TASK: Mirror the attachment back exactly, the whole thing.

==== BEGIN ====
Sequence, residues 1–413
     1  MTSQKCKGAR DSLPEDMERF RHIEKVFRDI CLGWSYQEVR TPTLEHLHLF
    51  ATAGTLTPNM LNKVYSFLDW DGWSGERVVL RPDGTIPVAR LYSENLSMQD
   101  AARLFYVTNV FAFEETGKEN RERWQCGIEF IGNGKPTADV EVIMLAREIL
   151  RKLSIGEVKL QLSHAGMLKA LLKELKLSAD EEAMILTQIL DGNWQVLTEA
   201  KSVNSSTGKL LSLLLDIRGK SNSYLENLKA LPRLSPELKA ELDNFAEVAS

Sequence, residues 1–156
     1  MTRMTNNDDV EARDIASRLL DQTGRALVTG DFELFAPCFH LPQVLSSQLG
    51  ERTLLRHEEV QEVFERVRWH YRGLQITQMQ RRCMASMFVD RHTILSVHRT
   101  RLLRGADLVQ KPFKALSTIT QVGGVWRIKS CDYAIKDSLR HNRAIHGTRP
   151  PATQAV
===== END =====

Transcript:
Sequence, residues 1–413
     1  MTSQKCKGAR DSLPEDMERF RHIEKVFRDI CLGWSYQEVR TPTLEHLHLF
    51  ATAGTLTPNM LNKVYSFLDW DGWSGERVVL RPDGTIPVAR LYSENLSMQD
   101  AARLFYVTNV FAFEETGKEN RERWQCGIEF IGNGKPTADV EVIMLAREIL
   151  RKLSIGEVKL QLSHAGMLKA LLKELKLSAD EEAMILTQIL DGNWQVLTEA
   201  KSVNSSTGKL LSLLLDIRGK SNSYLENLKA LPRLSPELKA ELDNFAEVAS

Sequence, residues 1–156
     1  MTRMTNNDDV EARDIASRLL DQTGRALVTG DFELFAPCFH LPQVLSSQLG
    51  ERTLLRHEEV QEVFERVRWH YRGLQITQMQ RRCMASMFVD RHTILSVHRT
   101  RLLRGADLVQ KPFKALSTIT QVGGVWRIKS CDYAIKDSLR HNRAIHGTRP
   151  PATQAV